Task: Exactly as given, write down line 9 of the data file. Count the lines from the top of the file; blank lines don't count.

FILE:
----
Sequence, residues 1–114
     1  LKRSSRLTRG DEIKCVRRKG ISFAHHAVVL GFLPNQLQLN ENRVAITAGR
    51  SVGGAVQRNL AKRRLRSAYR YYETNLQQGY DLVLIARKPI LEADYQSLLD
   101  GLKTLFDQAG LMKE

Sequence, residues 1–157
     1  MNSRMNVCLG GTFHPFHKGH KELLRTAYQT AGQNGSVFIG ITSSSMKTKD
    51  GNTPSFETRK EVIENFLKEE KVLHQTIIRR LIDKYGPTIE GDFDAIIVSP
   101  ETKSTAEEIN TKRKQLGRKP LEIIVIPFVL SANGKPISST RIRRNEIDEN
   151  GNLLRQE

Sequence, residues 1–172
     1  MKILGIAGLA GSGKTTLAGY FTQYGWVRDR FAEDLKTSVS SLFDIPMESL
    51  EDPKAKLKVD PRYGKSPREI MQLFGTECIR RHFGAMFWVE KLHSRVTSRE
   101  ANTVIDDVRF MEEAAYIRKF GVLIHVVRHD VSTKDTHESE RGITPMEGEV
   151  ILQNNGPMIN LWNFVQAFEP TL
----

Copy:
   151  GNLLRQE